9-5, 5-9: Imani Ellis
Words: Lakin Starling
Images: Karston Tannis
Images: Karston Tannis
For those who love the grind, there’s no such thing as a day job or night shift. From PR work at a major television network to organizing monthly networking events for young professionals, Imani Ellis is on from 9-5 to 5-9.
“I’ve always wanted to be wherever the people are,” Imani Ellis says. For the Georgia native, being amongst people is merely the start. Where Imani truly shines is in illuminating the opportunities for connections with people. It’s this intrinsic skill that makes her a great publicist, a role where she has thrived. The 27-year old Georgia native is an entertainment publicist, representing stars from some of the most popular shows on television. But as her career grew, so to did her passion for connecting people. To fulfill that desire, she leads the Creative Collective NYC, an innovative networking platform that requires as much time as her day job.
The seeds for Imani’s career were planted during her tenure in college, where she explored her lifelong love for entertainment through campus involvement and media internships. During a semester at the Creative Artist Agency, Imani’s supervisor told her she would excel at PR. She followed his advice and began working as a PAGE at a major television channel. She accepted an offer after her May graduation in 2012, and within two months she was hired as a full-time entertainment publicist.
She noticed that for a business based on people, the industry lacked a genuine sense of community, especially among black creatives. To get closer to her peers, she went to events by four different New York collectives but found it hard to forge authentic bonds. “I went to all of them and they were booming on Instagram but in real life, I just didn’t feel the humanity,” Imani says. “It always felt very sterile.”
The void inspired Imani to create the space she was looking for on her own. In January 2016, she organized a gathering at her Harlem apartment and invited 10 of her closest friends to come eat and catch up. While fellowshipping, Imani asked each person to share an idea about a current personal or professional project and required the rest of the room to give feedback. The functions became monthly meet-ups with turnouts that quickly grew from small groups to crowds of up to 50 people all crammed in Imani’s living room. “It was raw energy and people left knowing that they weren’t the only ones who thought a certain way or felt discouraged, so we kept doing it,” Imani says.
That same year in June, Imani and her co-founders officially named the group, The Creative Collective NYC, and held their first event in collaboration with CRWN Mag. By June of the same year, Imani began working off the clock to officially launch the innovative networking platform. It’s a chance for her to reimagine the idea of an expert community through monthly events that encourage building skills and relationships through intimate workshops and exercises.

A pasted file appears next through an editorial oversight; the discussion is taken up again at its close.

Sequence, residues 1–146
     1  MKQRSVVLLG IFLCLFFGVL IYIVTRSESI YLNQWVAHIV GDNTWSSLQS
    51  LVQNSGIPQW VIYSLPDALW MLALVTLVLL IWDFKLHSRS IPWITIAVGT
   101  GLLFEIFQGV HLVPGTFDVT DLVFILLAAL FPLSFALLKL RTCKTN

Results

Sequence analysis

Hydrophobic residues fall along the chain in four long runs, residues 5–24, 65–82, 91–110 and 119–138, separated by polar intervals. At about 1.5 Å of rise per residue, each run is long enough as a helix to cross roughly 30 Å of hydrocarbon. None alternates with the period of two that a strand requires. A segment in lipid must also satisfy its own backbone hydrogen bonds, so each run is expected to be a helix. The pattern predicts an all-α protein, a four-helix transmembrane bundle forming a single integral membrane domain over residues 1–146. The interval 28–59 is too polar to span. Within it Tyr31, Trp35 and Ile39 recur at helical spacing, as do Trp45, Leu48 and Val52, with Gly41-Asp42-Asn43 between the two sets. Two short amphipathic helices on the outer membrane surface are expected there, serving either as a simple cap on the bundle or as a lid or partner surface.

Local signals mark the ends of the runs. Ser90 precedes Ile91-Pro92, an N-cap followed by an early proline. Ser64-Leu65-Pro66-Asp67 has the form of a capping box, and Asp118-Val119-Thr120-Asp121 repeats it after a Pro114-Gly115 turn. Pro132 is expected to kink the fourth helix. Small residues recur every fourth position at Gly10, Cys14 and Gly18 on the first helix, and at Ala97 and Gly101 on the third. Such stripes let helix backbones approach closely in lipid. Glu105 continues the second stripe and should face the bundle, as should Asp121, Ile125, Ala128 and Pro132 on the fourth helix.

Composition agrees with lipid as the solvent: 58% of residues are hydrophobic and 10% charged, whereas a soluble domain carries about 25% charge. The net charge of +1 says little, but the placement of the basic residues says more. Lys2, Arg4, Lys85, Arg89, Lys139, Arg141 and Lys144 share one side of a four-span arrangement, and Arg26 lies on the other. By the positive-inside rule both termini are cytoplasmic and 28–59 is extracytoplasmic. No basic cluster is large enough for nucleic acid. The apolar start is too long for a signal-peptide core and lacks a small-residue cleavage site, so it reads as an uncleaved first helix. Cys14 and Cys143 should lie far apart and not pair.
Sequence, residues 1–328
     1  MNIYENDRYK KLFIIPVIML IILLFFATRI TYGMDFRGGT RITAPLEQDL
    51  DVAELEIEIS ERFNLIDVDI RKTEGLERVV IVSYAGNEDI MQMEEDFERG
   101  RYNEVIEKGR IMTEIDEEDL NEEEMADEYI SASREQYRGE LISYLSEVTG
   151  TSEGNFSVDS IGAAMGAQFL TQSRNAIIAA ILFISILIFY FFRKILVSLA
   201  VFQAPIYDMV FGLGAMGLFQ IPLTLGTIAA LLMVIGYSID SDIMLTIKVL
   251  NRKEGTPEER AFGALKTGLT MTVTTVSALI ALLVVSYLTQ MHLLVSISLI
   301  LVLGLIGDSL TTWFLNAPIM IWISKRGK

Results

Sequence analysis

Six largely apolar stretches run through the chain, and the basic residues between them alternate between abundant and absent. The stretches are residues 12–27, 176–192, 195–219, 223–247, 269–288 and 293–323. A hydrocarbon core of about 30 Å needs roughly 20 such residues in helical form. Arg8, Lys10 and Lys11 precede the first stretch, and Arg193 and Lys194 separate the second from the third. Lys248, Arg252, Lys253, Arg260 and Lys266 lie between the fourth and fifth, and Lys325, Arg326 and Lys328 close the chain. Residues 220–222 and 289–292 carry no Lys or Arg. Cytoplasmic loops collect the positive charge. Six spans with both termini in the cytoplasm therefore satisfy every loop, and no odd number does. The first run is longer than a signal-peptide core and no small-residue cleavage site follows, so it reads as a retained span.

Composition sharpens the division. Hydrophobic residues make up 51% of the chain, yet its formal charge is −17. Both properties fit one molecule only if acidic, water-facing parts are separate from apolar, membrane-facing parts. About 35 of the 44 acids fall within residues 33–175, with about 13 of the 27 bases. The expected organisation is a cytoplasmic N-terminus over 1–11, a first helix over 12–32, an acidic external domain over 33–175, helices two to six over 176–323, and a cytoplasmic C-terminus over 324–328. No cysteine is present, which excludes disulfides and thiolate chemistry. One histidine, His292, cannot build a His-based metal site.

The Creative Collective Night School event hosts some of the brightest young black professionals in the industry. They learn from a roster of experts on topics ranging from navigating digital image software, crafting a business model, and how to make the perfect avocado toast. The breakout sessions are packed with inquisitive millennials who are all deeply engaged with the leader of their respective quick course. Imani is very involved in the evening program and is known to work the room during the networking portion of some of the sessions, introducing herself and making connections.
Imani is very intentional about the speakers that she selects for each event, but the welcoming atmosphere and its wellspring of knowledge is what brings the real spark to the experience. So how does one avoid the pretentiousness of networking and recreate it with an inviting energy? “There’s always an ice breaker,” Imani says. “I want people to ask questions about each other versus ‘What do you do?’ and ‘What can you do for me?’ No one wants that. You might exchange emails but it’ll never be a lasting relationship.”
The CCNY has put on over 20 successful events, bringing together hundreds of black creatives. Imani claims she doesn’t have a calculated approach to thriving in a day job and hustle, but as she continues to soar as a publicist, she says it’s key to keep the 9-5 first: “It cannot be compromised.” But pushing through the difficult moments of juggling both also reveals the value and importance of the after hours project.
Imani and her team meet bi-weekly, which is a big commitment for these striving 20-somethings. The CCNY committee is comprised of eight of Imani’s friends, who all combine their sundry of 9-5 expertise and personal gifts to keep the collective running. “It’s amazing to pull talent and have these people as your friends. It’s this idea that everything we need is within us,” Imani says. They’ve devoted countless hours and weekends to the vision, but she says running her CCNY enterprise should always be a fun process.
As Imani continues to advance in all of her endeavors she certainly has a self-driven tenacity, but when it comes to increasing nourishing spaces for black folks, she accredits those triumphs to the people she brings together with sincere advice: “Don’t overlook your friends.”